I’ve been having fun reading the comments about my post earlier in the week. As I mentioned then, I have the beginnings of an idea. It’s months from being ready for implementation but I wanted to talk about it now because in order to make it work I’m going to need help.
First let me describe the problem: Simply put, literacy among boys is abysmal. There is anecdotal evidence that boys are still engaged in reading during middle school but that that drops off in their teens. Teen boys are criminally underrepresented in YA. Publishers don’t see any money in that segment of the market and they devote only a small portion of their resources to it. Which causes teen boys to be even further alienated.
Now, teen boys are out there. They’re interested in entertainment. They drive entire segments of the entertainment industry. Without them we wouldn’t have movies like G.I. Joe or Transformers or Final Destination. They also drive video game sales and music sales. But they make up such a small portion of the book market that one has to wonder: why?
The only answer I can think of is that we’re simply not giving them books they’re interested in.
Now I’m not saying that there are no books for teen boys, but for every Spanking Shakespeare or The Maze Runner, there are fifteen books for teenage girls. Every time I go to my local Barnes & Noble, I look for books that would jump out and grab teen boys. But all the tables and face-outs and displays are decidedly geared toward the segment of the population that’s doing the majority of the book buying, and that’s not boys.
Before it looks like I’m being down on books aimed at girls, let me say that I’m not. I read widely and I think that everyone should read widely. I think that there are books marketed as girl books that would appeal to boys. However, it must be kept in mind that boys might be more sensitive to reading something that looks like it might get them made fun of. When I was in middle and high school, I sometimes tore the covers off of the fantasy books I was reading because I was afraid someone would see the cover and I’d be tormented.
Even books with male protagonists that would appeal to boys are marketed with covers that might be embarrassing to a teenage boy.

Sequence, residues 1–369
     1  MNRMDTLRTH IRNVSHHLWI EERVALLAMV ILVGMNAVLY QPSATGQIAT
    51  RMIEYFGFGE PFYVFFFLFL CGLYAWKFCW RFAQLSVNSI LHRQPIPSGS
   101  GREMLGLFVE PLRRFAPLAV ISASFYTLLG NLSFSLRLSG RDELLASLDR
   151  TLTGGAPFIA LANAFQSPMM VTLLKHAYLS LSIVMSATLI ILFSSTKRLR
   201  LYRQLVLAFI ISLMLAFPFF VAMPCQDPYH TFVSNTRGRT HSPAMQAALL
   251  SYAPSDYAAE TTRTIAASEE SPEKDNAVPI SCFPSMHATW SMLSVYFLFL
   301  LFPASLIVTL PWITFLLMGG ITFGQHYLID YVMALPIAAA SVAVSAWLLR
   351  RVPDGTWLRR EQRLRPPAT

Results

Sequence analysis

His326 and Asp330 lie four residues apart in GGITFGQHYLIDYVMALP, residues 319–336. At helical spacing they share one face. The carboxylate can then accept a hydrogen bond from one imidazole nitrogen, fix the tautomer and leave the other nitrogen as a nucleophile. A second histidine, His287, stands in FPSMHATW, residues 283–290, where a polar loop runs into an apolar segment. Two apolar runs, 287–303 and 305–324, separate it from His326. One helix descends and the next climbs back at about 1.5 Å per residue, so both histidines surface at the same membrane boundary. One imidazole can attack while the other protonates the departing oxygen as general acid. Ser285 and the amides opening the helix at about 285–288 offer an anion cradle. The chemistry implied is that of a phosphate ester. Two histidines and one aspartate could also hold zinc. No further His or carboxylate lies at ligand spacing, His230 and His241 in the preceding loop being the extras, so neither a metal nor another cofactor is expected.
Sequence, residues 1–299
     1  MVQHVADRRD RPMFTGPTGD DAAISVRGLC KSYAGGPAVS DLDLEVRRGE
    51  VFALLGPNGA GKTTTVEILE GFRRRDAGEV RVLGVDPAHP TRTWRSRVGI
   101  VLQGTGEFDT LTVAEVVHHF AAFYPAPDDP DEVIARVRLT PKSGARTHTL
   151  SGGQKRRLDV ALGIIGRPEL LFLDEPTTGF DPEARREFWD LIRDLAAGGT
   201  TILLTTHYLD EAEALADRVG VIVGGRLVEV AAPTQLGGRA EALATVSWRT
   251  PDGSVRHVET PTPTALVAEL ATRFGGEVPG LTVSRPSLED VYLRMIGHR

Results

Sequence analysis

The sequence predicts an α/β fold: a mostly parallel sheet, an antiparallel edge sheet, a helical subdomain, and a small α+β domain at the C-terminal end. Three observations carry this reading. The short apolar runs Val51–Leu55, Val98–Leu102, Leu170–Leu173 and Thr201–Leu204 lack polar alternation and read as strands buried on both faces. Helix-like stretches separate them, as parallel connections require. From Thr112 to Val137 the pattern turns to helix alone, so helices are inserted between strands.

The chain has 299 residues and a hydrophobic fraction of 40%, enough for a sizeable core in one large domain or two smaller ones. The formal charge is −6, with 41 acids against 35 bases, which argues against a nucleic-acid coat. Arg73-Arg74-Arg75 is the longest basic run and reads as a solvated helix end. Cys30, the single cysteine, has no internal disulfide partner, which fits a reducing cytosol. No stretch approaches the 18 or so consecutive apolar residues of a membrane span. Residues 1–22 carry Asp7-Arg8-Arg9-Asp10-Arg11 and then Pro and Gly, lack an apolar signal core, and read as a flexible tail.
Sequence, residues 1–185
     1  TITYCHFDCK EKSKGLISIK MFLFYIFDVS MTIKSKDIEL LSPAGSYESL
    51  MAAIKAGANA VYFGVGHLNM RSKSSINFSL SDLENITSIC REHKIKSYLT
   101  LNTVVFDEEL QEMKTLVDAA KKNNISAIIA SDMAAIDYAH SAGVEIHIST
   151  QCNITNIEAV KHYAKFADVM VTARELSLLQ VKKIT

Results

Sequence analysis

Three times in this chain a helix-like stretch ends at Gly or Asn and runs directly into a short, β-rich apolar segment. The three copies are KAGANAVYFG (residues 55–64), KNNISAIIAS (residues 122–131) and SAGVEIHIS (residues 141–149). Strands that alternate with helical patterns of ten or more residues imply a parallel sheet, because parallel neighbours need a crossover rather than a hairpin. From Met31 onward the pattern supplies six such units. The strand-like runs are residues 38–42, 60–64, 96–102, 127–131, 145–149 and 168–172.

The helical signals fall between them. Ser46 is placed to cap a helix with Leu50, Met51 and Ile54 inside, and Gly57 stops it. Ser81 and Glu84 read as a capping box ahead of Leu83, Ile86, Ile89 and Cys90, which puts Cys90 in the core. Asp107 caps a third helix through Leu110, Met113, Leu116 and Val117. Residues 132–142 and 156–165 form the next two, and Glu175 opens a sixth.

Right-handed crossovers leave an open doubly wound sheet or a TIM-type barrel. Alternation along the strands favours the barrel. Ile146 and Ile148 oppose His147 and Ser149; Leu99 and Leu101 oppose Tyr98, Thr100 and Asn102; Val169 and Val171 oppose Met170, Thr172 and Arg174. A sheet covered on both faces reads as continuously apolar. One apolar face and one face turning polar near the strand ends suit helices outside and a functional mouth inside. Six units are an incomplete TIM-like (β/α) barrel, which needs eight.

I’ve spent a lot of time thinking about this, and I want to bring boys back to the table. I want them to read. I want them to be involved in shaping the literature that’s being created, because right now is an amazing time for YA. But how?
That’s where my idea begins. And the idea is Give This Book to a Boy You Know.
What is it? I’m not even fully sure yet. And that’s where I need help. My goal is to create a program that harnesses the internet, word of mouth, the wonderful librarians and teachers of the world, to help boys find books that speak to them. Because those books are out there. And once publishers see that boys ARE reading, that they DO have opinions, then they’ll be more inclined to take chances. Just look at all the fantastic books that publishers took a chance on because of the Twilight phenomenon. You can’t fault them for going where the money is, and we just have to prove that boys are just as important to their bottom line.
My idea is really grass roots. I’d like for there to be a tracking system similar to Book Crossing. Say I read a book that I think a boy would really dig, I can go onto a website, review it based on criteria that boys would find appealing, and then pass the book along to a boy who I think would enjoy it. Inside that book is a Give This Book to a Boy You Know sticker, so that the boy to get the book can log-in and review it, and so we can see how it’s faring. This website would become a tool for librarians and teachers and parents to help reluctant boys find books that appeal to them. And it would also help boys show other boys what books they’re reading and find books for themselves.
Are there already other sites out there that review boy-oriented books? Yes. And they’re great. But I want to take it further. I want reviews by boys for boys. I want to get adults invested in getting books into the hands of every boy they know. Because I think that once we show boys that there are great books that speak directly to them and the time of life they’re in, they’ll rejoin the conversation.
And there’s another aspect to what I want to accomplish. Because it’s not just about helping boys find books they want to read. I’m not sure how this aspect will work, but I’d like to begin finding ways to get books into the hands of those who just can’t get them. Boys in juvenile detention centers, foster care, shelters, schools with little or no budget money for books. Wherever there’s need, I’d like to try to fill it.
So, is this ambitious? Heck yeah. But no one ever got anywhere good by aiming low. Have I got any idea how to go about doing this? Heck no. But I have knowledgeable friends and a lot of passion.
How can you help? Well, right now I’m trying to figure out how all this is going to work. Over the next couple of months I’ll be talking to librarians and teachers and parents and kids. I’ll be trying to find out the best way to accomplish my goal. And if you have suggestions, I’d love to hear them as well. Because it’s going to be people like you all who help this plan succeed.
Sometimes it feels like people have given up when it comes to boys and literacy. But I don’t buy that. I just think we have to give them a reason to want to read again.